By: Max Crampton-Thomas

2 min read April 2020 — As the COVID-19 pandemic took hold across the United States, educational institutions suddenly were faced with the need to move online. Drexel University President John Fry outlines his school’s experience, expectations for commencement ceremonies and how Drexel is helping medical professionals and the public to fight the outbreak.

How have you seen the faculty and student body handle the transition to all online classes and education? 

The hallmark of the spring quarter and semester at Drexel University has been the shift to online instruction for undergraduate, graduate and professional students, with an option to choose pass / no pass over traditional grading. Given mere weeks to prepare, our faculty and instructional technology team have done transformative work — enabling professors to conduct more than 3,200 course sessions that, prior to the COVID-19 pandemic, would have been taught face-to-face in a classroom or lab setting. We saw a remarkably smooth virtual classroom experience for thousands new to this form of instruction, with positive feedback from students and faculty; and more than 100 laptops loaned out by the Drexel information technology department to students, faculty and professional staff to support their studies, teaching, research and administration while away from the campuses. In addition, our faculty have offered help and best practices to their colleagues while working on their own courses.

What efforts and initiatives are coming from Drexel University in regard to aiding medical professionals and the public in the fight against COVID-19? 

Drexel’s Rapid Response Research and Development Fund was created to support urgent action, launching more than a dozen projects focused on health-related research and development. The work supported by this fund runs the gamut, from producing new medical masks and face shields, to creating a new app to track infections, to vaccine-related research and chronicling the mental health impacts of the pandemic. In addition, we have offered rooms in two of our residence halls for doctors, nurses and other health-care personnel working in the Philadelphia area who wish to remain close to their hospitals.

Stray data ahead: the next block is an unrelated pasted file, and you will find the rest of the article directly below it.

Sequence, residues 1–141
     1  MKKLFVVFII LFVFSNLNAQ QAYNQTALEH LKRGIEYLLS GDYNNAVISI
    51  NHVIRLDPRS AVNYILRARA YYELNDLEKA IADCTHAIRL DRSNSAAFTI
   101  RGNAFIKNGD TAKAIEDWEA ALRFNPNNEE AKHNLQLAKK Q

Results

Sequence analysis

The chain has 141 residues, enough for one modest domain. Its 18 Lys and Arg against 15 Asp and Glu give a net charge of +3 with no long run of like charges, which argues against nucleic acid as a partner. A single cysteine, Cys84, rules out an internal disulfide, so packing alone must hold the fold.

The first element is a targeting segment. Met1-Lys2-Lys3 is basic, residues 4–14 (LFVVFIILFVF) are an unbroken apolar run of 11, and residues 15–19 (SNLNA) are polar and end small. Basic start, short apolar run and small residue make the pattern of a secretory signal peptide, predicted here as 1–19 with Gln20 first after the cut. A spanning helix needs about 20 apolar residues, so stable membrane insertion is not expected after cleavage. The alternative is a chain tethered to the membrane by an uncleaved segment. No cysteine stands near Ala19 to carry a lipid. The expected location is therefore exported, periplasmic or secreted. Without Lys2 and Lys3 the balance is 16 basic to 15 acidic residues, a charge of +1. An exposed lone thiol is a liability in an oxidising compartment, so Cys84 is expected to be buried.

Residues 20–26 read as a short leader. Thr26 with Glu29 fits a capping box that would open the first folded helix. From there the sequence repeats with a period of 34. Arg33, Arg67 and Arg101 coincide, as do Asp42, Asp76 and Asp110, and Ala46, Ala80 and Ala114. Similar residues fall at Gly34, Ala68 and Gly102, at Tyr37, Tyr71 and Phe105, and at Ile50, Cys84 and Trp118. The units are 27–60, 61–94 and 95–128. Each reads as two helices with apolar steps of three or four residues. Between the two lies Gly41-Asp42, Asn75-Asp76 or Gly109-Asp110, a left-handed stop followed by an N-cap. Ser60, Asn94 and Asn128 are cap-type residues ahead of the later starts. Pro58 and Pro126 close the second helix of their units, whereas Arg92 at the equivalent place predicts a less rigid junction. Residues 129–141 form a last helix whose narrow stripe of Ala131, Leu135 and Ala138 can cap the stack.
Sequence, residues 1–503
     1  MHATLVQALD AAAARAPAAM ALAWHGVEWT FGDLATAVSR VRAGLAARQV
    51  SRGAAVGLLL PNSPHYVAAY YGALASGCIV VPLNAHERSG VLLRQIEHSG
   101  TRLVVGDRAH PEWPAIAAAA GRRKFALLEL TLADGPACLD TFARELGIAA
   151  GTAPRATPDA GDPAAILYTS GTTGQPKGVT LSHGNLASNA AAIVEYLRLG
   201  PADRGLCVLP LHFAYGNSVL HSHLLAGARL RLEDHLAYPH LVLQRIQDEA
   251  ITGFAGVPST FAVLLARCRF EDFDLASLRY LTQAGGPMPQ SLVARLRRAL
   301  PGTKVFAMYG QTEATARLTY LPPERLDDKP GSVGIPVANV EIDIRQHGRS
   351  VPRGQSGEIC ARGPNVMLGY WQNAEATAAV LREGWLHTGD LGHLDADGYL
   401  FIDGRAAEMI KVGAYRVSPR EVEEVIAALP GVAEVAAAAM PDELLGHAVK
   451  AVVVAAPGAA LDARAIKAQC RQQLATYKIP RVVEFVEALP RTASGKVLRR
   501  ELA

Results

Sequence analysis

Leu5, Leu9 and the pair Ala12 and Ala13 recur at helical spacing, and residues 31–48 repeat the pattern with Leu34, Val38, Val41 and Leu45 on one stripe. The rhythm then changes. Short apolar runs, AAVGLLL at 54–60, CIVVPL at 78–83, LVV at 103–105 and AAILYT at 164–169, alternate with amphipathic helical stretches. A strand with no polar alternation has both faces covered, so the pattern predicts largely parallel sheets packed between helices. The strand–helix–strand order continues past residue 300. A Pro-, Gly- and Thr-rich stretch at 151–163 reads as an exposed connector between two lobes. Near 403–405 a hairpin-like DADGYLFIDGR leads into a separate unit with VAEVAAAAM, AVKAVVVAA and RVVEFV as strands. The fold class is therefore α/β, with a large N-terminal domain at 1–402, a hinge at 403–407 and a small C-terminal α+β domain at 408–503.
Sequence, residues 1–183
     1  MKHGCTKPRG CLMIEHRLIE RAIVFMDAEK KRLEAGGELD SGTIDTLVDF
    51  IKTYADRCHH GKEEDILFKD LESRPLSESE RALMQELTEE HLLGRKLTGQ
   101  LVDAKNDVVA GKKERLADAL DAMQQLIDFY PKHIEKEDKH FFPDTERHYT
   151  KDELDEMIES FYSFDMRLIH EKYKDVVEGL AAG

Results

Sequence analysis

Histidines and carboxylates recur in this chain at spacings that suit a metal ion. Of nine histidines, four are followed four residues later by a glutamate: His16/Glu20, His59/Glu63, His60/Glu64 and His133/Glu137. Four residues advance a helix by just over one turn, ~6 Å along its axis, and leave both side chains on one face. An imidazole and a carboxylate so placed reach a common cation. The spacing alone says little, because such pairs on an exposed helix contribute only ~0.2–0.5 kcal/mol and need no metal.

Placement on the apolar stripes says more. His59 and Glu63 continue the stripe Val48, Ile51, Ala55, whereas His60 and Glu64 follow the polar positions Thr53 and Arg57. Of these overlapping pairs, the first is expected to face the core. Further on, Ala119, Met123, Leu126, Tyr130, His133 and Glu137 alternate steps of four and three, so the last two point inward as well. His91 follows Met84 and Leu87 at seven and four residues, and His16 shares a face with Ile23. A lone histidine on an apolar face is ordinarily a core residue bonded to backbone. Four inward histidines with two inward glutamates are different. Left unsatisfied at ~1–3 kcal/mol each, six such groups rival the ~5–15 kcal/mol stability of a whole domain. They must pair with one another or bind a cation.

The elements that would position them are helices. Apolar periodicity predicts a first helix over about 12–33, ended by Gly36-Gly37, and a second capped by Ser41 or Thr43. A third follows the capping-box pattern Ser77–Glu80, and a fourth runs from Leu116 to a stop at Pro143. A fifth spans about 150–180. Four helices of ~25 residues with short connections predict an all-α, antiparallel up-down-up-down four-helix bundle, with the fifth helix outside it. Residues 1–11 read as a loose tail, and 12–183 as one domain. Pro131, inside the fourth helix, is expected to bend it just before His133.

How will the university handle graduation this year for those students who are slated to graduate at the end of the spring semester? 

We certainly are not going to let the pandemic prevent us from celebrating achievement. A university-wide commencement, along with one for the Drexel University Thomas R. Kline School of Law, will likely be held in the fall. Our College of Medicine isn’t waiting: Its virtual graduation ceremony will take place Friday, May 29, with planning help from student representatives from the MD program and the Graduate School of Biomedical Sciences and Professional Studies. Our College of Medicine Commencement speaker and honorary degree recipient will be Katherine A. High, MD, co-founder, president and chief scientific officer of Spark Therapeutics.

What is your message for the university’s student population and faculty who are sheltering in place and waiting for a return to normalcy?

The devastating and sweeping impact of the coronavirus pandemic has left no one untouched. At the same time, I am confident that the Drexel community is navigating the challenges and opportunities presented by the pandemic with increasing success. In that spirit, I want to encourage our students and faculty to focus as much as possible on all that is positive about our response to this extraordinary period in our history.  

To learn more about our interviewee, visit: 

https://drexel.edu/